Should Obamacare's contraception mandate apply to for-profit businesses if their owners object because of religious beliefs? Letters to the editor:
Commentary writer Joshua Hawley's support for Hobby Lobby's conscientious objection to paying health benefits for certain kinds of birth control procedures makes me wonder how he would feel about employers whose religion makes them reluctant to pay for vaccines ("For-profit doesn't mean no conscience: Column").
YOUR SAY INTERACTIVE: Religious rights vs. 'dubious' claims
The company "conscience" he advocates should, in my view, include supporting their employees' right to all legal health care benefits.
Peter Frost; Oxford, Miss.
The Rev. Gene Robinson, like many liberals, misses the point in the Hobby Lobby case before the Supreme Court ("Hobby Lobby case fuels bigotry: Column"). The issue is not whether Hobby Lobby employees are entitled to use birth control. The issue is who is to pay for it. And, more important, whether someone is to pay for it when it violates his or her sincerely held religious beliefs.
Ronald S. Moening; Toledo, Ohio
Comments from Facebook are edited for clarity and grammar:
I almost feel sorry for the Supreme Court justices who heard arguments in the case this week. Their decision could have tremendous ramifications, whichever way they rule.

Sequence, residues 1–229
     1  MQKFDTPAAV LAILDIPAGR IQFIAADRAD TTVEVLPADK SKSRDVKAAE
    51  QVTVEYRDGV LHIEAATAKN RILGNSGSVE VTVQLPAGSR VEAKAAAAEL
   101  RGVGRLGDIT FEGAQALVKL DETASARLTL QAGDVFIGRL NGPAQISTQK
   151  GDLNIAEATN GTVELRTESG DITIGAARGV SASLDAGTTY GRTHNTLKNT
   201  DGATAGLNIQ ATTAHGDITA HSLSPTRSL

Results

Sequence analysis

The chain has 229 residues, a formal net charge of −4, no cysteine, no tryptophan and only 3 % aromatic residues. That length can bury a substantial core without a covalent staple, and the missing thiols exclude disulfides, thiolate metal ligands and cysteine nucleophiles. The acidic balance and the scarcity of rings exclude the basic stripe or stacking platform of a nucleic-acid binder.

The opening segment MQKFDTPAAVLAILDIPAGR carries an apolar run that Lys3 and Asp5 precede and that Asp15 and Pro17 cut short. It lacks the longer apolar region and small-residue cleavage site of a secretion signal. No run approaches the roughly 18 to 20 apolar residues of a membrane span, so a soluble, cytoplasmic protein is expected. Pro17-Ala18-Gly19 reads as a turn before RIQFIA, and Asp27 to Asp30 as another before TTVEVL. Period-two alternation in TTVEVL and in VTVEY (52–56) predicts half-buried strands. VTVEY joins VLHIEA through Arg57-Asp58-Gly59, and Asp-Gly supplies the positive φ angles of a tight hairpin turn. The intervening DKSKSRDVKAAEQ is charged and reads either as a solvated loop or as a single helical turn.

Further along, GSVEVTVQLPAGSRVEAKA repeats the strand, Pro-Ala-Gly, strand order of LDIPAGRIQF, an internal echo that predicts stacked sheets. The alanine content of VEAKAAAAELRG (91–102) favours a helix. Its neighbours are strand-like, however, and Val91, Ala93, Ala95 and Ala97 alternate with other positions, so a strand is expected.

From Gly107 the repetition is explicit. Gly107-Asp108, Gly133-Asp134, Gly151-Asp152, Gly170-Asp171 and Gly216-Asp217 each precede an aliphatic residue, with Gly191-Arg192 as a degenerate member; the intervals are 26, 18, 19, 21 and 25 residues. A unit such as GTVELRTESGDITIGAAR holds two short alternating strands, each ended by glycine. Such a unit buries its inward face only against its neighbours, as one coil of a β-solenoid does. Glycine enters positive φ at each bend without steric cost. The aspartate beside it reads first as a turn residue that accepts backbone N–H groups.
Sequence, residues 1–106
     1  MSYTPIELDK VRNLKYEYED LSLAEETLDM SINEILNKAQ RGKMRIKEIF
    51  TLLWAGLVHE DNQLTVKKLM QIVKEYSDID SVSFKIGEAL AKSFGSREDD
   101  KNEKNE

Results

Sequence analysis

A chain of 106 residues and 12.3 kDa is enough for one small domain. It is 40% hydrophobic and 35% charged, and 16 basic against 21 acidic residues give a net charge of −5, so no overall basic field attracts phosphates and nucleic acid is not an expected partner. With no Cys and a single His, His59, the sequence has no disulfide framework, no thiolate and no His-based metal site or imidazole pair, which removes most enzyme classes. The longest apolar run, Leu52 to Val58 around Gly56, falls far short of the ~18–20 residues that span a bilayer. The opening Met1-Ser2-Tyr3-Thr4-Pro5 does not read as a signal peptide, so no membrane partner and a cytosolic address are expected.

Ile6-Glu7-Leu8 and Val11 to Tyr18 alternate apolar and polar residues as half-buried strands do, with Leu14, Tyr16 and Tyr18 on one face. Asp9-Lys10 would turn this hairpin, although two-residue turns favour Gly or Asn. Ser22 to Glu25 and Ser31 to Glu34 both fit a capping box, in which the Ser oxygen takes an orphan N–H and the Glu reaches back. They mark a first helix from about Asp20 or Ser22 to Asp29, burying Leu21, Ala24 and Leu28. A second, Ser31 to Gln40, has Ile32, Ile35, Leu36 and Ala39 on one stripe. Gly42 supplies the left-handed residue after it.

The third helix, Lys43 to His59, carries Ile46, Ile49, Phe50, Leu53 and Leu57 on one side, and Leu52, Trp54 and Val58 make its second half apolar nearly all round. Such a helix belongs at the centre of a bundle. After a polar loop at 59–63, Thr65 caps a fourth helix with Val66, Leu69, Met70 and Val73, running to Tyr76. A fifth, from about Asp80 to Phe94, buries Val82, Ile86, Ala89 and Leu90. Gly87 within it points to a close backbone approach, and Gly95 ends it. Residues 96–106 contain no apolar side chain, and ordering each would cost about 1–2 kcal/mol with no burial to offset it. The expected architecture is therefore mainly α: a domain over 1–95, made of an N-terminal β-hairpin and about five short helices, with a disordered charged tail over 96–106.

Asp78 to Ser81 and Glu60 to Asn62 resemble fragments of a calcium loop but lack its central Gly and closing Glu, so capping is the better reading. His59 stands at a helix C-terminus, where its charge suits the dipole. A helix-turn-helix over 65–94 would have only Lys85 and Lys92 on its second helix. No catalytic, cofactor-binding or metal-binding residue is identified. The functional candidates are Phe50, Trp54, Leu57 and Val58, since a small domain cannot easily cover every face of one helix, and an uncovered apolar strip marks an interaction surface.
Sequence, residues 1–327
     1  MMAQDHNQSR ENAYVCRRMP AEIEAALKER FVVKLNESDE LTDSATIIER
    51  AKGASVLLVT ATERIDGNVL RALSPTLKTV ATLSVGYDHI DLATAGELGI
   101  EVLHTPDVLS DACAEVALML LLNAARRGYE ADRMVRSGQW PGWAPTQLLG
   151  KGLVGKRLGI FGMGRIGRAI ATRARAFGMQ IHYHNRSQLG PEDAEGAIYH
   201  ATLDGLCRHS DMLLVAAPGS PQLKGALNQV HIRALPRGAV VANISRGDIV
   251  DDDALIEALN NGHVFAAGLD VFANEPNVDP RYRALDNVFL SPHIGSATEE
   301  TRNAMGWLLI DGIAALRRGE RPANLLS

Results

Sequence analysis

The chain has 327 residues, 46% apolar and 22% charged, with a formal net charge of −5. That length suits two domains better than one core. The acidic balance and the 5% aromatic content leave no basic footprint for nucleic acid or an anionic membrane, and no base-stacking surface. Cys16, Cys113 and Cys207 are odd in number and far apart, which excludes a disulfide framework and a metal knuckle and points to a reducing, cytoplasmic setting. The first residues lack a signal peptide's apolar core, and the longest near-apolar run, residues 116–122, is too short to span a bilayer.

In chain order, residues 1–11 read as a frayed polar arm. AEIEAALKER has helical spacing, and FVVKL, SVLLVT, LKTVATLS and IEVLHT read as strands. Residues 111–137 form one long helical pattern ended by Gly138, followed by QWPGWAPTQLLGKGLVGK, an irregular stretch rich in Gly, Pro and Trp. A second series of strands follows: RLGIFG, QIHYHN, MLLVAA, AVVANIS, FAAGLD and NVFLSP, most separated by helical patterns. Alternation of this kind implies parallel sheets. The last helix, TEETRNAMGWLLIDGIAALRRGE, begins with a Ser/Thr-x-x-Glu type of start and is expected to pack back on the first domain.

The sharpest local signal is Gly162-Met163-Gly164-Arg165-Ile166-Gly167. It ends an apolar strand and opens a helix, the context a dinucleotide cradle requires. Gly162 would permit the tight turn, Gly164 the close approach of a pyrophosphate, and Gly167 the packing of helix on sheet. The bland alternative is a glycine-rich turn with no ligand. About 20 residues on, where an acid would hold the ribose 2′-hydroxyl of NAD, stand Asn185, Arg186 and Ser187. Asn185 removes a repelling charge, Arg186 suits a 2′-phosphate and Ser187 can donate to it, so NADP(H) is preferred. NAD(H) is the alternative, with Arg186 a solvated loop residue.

However, the old adage about "if you give them an inch, then they'll take a mile" still applies. I doubt the Founding Fathers ever intended for government to tell private citizens and businesses what religious tenets they can/cannot practice.
That's why I'm not surprised that a majority on the bench Tuesday seemed highly skeptical of the government's arguments to the contrary.
— Skip Carlsen
We all pay taxes that fund things with which we might disagree. A for-profit business, in my mind, has no standing to get an exemption for religious reasons. If its owners don't personally want to use a certain kind of birth control, fine. But to force their workers to obey their religious beliefs is simply un-American and, quite probably, unconstitutional.
— William Bramblett
If an individual can be forced by the government to engage in what he considers a sin in order to engage in commerce, then it can no longer be said that the country has freedom of religion.
— Michael Craney
Their workers were made aware of the company's religious beliefs before they accepted the job. They don't have to work there.
The employees are free to leave Hobby Lobby and seek employment elsewhere.
— Jack Burton
A business does not have a conscience. Employees do. No one's employer should be allowed to impose his or her religious beliefs on another person.
— Catherine Switzer
Nobody is imposing religious beliefs on the employees. There is no lifestyle agreement that forbids the use of abortifacients or getting an abortion.
The company simply refuses to pay for it under its benefits package.
— James Oerichbauer